Since the 1870s, Christmas post and Christmas cards have been an important part of the Norwegian Christmas tradition. Letters and cards to family and friends are part of the preparations during Advent, and Christmas cards are treated like important memories.
The first Christmas card was sent in Norway in 1870. In Europe Christmas cards had been a common method for greeting family and friends for a while before it reached us. At first, European cards were simply copied and given a Norwegian text. The first Norwegian-produced cards had winter motifs, and there were often skiers in the motif as well. In addition to birds in a sheaf of wheat, the pig was a frequent Christmas card motif.
When “Der Weihnachtsmann” and “Santa Claus” made their entrance into European Christmas celebrations, we were quick to follow, and Santa Claus became a very popular motif. After a while many of the cards had humorous motifs. Many of the Santa cards to Kjell Aukrust are very popular collector’s items and draw high prices at auctions, and Aukrust himself was particularly gifted at giving his cards a humorous touch.
Christmas stamps are more recent. Austria issued the first Christmas stamp in 1948, which was a commemorative stamp for the hymn, “Merry Christmas”. The first Norwegian stamp for Christmas post was issued in 1971.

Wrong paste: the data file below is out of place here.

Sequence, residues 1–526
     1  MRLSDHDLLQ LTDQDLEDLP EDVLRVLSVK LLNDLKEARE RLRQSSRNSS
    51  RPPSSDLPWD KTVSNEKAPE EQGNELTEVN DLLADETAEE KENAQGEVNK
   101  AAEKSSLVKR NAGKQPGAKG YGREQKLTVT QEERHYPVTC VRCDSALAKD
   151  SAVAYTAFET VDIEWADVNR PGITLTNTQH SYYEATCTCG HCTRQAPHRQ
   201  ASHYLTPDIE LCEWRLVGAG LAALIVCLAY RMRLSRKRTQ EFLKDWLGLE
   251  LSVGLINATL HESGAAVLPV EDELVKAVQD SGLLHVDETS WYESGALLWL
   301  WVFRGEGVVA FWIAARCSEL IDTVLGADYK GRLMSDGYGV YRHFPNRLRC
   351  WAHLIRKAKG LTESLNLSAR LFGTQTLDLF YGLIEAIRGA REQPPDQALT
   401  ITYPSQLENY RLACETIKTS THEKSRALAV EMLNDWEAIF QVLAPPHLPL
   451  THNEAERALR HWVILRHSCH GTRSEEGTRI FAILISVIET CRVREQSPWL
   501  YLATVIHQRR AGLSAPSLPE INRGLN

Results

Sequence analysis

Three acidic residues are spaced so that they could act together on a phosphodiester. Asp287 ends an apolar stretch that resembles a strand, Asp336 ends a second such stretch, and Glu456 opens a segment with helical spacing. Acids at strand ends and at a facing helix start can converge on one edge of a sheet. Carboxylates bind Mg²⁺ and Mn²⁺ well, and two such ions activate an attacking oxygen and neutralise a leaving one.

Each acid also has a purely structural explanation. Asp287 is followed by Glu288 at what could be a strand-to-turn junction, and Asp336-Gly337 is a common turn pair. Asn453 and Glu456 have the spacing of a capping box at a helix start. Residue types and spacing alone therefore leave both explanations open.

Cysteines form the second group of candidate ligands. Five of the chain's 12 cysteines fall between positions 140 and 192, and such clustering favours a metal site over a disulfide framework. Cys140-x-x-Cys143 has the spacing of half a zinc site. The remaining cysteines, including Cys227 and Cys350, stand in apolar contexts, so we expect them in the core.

Olav Bø, a professor in folklore, wrote a book about “Our Norwegian Christmas” more than thirty years ago. In the chapter about Christmas preparations, he had a separate section entitled “Christmas post”. Bø commented that sending cards at Christmastime was an important part of the holiday’s preparations, together with the Lucia celebration, the baking of Christmas goodies, family, beer-brewing, light-hanging and present-wrapping. Christmas presents and the Christmas tree are the motif on this year’s Christmas stamps. They will have decorated many Christmas cards before the joyous day arrives.
Date of issue: 13 November 2015
Values and subjects: A Domestic: Christmas tree
A Domestic: Christmas parcel
Design: Kristin Granli
Method of printing: Offset
Printing house: Joh. Enschedé Security Print